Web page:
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NEWS
December 14, 2014 | By Kristin E. Holmes, Inquirer Staff Writer
The wooden animals, sanded and painted to resemble the 109-year-old originals they replaced, are waiting for visitors at the end of a restored railroad line in Pottstown. The horses, giraffes, and reindeer on the Derek Scott Saylor Memorial Carousel are part of a merry-go-round meant to be more than an amusement. The attraction - and the similarly restored old train that will drop visitors at its doorstep - are the centerpieces of a downtown revitalization effort for a slumping Montgomery County borough taking steps toward a comeback.
NEWS
October 21, 2014 | By Bob Fernandez, Inquirer Staff Writer
Under the bright lights of Bucks and Montgomery County stadiums over the decades, Charles "Bud" Hollenbach could be found stalking the sidelines as an offensive backfield coach for the Pennridge High Rams and later cheering on the team as a passionate fan. He had reason to be proud. His son Jeff starred as a quarterback at Pennridge and now coaches the team. Hollenbach's grandson Sam also starred as quarterback for the Rams. "Sports were part of his whole being," Dick Yoder, 69, of Green Lane, said Sunday.
NEWS
September 6, 2014 | By Michael Boren, Inquirer Staff Writer
The hand-carved carousel in Seaside Heights, a longtime boardwalk staple that was set to be sold in an auction, is back from the dead. Borough officials introduced an ordinance Wednesday that would allow Seaside Heights to acquire the 104-year-old ride, coined the Dr. Floyd L. Moreland Historic Dentzel/Looff Carousel. The owners of Casino Pier - who were planning to sell it - would receive oceanfront property in exchange, according to the ordinance. The man whose name the carousel bears said Thursday he was "ecstatic" about the plan.
NEWS
July 17, 2014 | By Clark Mindock, Inquirer Staff Writer
SEASIDE HEIGHTS - In a light-blue Ford Falcon convertible, Floyd Moreland used to drive across the country in the 1960s from Berkeley, Calif., to Seaside Heights. Every summer, he was drawn back to work on the carousel, built in 1910, housed on what is today known as Casino Pier. It was his seasonal job to operate the carousel, from high school through graduate studies. He was paid $1.25 an hour. He couldn't give it up. He loved the carousel, which now bears his name, and still does.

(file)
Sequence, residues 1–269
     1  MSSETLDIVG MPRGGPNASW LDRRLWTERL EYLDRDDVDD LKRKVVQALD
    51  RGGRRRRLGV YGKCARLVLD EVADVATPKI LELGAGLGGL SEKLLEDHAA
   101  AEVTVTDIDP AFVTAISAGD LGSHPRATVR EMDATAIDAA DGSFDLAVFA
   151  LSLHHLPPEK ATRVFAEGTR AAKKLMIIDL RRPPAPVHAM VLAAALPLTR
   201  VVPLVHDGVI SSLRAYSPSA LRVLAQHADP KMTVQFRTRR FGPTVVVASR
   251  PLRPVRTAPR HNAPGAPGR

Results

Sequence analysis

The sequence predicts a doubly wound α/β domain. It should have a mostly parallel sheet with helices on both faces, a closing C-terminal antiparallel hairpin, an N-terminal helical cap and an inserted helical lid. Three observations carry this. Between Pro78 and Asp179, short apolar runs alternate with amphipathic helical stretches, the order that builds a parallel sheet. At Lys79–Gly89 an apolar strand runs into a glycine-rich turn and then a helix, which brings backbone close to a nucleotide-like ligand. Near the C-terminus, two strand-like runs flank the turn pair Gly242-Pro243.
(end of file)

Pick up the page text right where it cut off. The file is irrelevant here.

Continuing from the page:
SPORTS
January 20, 2014 | By Mike Jensen, Inquirer Columnist
So Penn Staters, you're still ticked at Bill O'Brien for bolting to Houston after just two years - but perfectly fine with James Franklin's leaving Vanderbilt after three seasons and poaching every Vandy recruit he can get? It's natural if that, in fact, is exactly how you feel. That's certainly Franklin's position. Franklin makes it clear that he doesn't really buy into the idea that his recruits are actually going to a school for a particular education only available at that school.
ENTERTAINMENT
September 25, 2012 | By Carolyn Hax
Adapted from a recent online discussion. Question: Our circle of friends have babies born within a few days/weeks of our child. This is a great situation for us as they have built-in playmates. The only negative is one couple who are obsessed with trying to compete with the rest of us. First it was who was finding out the gender first, then it was who was going to deliver. Now that the babies are here, it's about the weight of the babies/who has teeth first/who rolled over first, etc. What is the best way to handle such silliness?
SPORTS
September 20, 2012 | By Emily Kaplan, Inquirer Staff Writer
Penn State backup quarterback Shane McGregor remembers standing in awe on the sideline at Beaver Stadium two years ago as an 18-year-old quarterback nailed throw after throw. The big freshman on campus was Rob Bolden, a four-star recruit with a strong arm, good size (6-foot-3, 210 pounds), and solid footwork. In the 2010 season opener against Youngstown State, Bolden completed 20 of 29 passes for 239 yards and two touchdowns. "I remember turning to my teammates and just saying, 'Wow,' " McGregor recalled.
NEWS
July 22, 2012 | Michael T. Dolan is a writer from West Chester
When faced with an autumnal deadline, and winter's arrival just beyond that, summer sneaks its blessings into sun-soaked days and shouts to the world: "Live now!"   We join with the waves until one day in early September when they return to the ocean and come back too cold to hitch a ride. Fireflies, crickets, and cicadas seize these fleeting summer nights in a romantic game of Marco Polo. And carousels come to life in traveling fairs and boardwalk escapes. Horses chase their tales to the calliope music, an eternal gallop against time.
SPORTS
June 14, 2012 | By Ed Barkowitz, Daily News Staff Writer
THE FIRST THING Jeff Carter needed to do after winning the Stanley Cup was shave that scraggly beard. He looked like a guy trying to look like an Amish guy. The second thing he needed to do was give the Kings his ring size ... or should that be ring, sighs? The next thing he needs to do is plan his day with the Stanley Cup. It's a terrific hockey tradition, and Carter should consider bringing it to Sea Isle, the wonderful Jersey shore town where the Toronto-native still owns a home.
SPORTS
April 13, 2012 | BY ALEX LEE, Daily News Staff Writer
IN ONLY the third game of Villanova's 2011 football season, true freshman Chris Polony got the call to start at quarterback. Right from the first series, it was clear he wasn't ready. Playing against Monmouth, he fumbled his first snap, threw an interception and completed only two of eight passes for 12 yards. Polony was pulled in the second quarter; the Wildcats lost, 20-9. That was Villanova's third straight loss to start what would be a nightmarish 2-9 season. The Wildcats were an extremely young and inconsistent team, largely because they played three different quarterbacks throughout the year.